Take Five With Mike Brannon

Mike Brannon By

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Your teaching approach:
I've had some great teachers who were both open minded and yet very specific about ways to approach things. I've never been one to force anything on someone. They have to know what they want. Charlie Banacos was a brilliant musician and teacher and could encapsulate what you could work on for the next five years in five minutes; leaving you at once full of questions and at a near loss for words. From him and Pat Martino I came to realize an inkling of how much there was to music. That no single lifetime would ever allow any of us to do more than begin. So you had to make choices. Decide who you were artistically, be in the moment and find / create your most effective toolset to articulate that most authentically. In teaching I'd try to discover what the students goals were and let them know what might help them bridge the gap most effectively. Very few musicians are prepared for Banacos' approach, as it's so demanding. It changes you and the way you think about everything else to even immerse yourself in that intensity and philosophy or way of being. I'm glad to have had that experience and been made aware of those possibilities.

Your dream band:
I've always thought Metheny and Jarrett would have a great conversation. Though I'm sure it'll never happen it would be amazing.

There are all kinds of great musicians of all stylistic stripes I'd like to have a chance to play or work with. We all would. Josh Redman, Pat Martino, Mike Stern, Bill Frisell, Jack DeJohnette, Brian Blade, John Medeski, Joni Mitchell, Anna Maria Jopek, Jeff Beck, Alana, Davis, kd Lang, KT Tunstall; many others.

Road story: Your best or worst experience:
Synergy was playing a late 4 hr gig at a club in Texas. It was a clear Summer night in south Texas and literally the last song of the gig. The keys player, who works with Tower of Power, was playing the riff from Riders in the Storm in Bm and I just said go with it. So we went into the song. We weren't into it more than 30 seconds when off in the distance we started to hear thunder. We all just looked at each other in astonishment and by the end of the song it was a full out storm. You really can't make this stuff up. No one would believe you anyway. The universe definitely has a sense of humor.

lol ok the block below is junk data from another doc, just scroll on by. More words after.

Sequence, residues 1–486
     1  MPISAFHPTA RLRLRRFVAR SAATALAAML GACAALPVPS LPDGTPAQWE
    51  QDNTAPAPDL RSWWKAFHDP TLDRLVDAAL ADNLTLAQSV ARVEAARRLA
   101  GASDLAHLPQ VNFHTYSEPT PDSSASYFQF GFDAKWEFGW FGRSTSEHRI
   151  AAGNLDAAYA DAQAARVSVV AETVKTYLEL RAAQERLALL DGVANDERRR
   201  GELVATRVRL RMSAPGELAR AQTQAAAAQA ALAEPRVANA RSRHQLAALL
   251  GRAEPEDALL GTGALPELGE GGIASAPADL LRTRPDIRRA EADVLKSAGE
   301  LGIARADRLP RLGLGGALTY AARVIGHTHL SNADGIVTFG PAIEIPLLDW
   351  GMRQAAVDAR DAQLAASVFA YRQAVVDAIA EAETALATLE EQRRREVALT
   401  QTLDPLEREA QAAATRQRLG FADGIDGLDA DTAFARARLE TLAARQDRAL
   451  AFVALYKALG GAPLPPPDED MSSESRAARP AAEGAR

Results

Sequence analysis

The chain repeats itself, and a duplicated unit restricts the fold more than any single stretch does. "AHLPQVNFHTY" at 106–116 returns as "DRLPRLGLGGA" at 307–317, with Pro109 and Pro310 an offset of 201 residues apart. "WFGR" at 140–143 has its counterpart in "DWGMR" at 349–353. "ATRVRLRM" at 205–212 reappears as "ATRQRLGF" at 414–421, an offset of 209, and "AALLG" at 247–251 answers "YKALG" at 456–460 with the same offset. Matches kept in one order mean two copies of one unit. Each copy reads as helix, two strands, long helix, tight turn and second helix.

The worst thing, and I try not to dwell on the negative, but I'd had conversations with Bob Berg leading up to his guesting on Later. Everything was set and we were to record tracks with him that very morning in December (5th) when I heard he was killed in a car accident on long island. He was a monumental and underated talent and a great and down to Earth person and were just becoming friends. A similar thing happened while getting to know Don Alias. A lot of people may not know, they were both very generous people. Most great musicians seem to be. But we had plans to do four different projects with Don and during our last call we agreed to talk again the next weekend. Nine days went by and his Ex told me he'd passed away. You really never know. It's hard to believe. All of it.

Favorite venue:
We were playing Ornette Coleman's now defunct, Caravan of Dreams in Fort Worth and though we weren't a well known band outside of Texas, at the time, they treated us very well. The staff was all very kind. When people are kind and helpful you don't forget things like that. It was a great night with great players.

Another time we we playing a club called Jazz, in San Antonio. Our group, Synergy was playing inside and there was an outside band, the headliner. For some reason the stars aligned and we were having a great, inspired, high energy gig. Even the players from the other band who's pianist was with Wynton Marsalis, were checking it out. We found out late into the gig that Ottmar Liebert and his band Luna Negra were all in the back checking it out, as well. That was kind of cool.

On a gig at the Driskill hotel in Austin, we're were doing a quartet fusion thing in the bar and noticed one of the guests was there watching with his entourage. It was Stephane Grappelli and his band with an incredible Russian pianist who's name escapes me. We formed a bassless side project called Carbon for awhile, played and recorded a bit. I remember playing the Houston Jazz fest one summer, up there without the expected bass behind things and realized it gave the music a lot of air and freedom.


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